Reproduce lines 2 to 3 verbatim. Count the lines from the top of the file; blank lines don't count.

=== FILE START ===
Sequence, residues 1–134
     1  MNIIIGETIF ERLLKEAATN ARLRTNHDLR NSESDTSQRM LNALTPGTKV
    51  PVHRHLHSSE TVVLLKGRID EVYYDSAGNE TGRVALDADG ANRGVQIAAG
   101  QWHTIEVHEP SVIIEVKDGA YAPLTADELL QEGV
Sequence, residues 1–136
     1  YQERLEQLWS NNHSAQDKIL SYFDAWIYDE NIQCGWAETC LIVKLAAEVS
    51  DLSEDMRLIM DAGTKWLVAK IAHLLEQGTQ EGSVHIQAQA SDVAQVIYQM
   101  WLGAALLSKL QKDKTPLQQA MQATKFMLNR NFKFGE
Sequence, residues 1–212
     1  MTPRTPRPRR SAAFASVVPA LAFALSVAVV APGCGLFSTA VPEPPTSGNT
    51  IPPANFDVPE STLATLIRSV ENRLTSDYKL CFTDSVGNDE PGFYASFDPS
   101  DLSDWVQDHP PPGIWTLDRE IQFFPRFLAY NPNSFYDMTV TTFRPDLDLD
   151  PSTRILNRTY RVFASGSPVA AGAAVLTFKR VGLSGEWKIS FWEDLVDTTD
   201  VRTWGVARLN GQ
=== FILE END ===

     1  MNIIIGETIF ERLLKEAATN ARLRTNHDLR NSESDTSQRM LNALTPGTKV
    51  PVHRHLHSSE TVVLLKGRID EVYYDSAGNE TGRVALDADG ANRGVQIAAG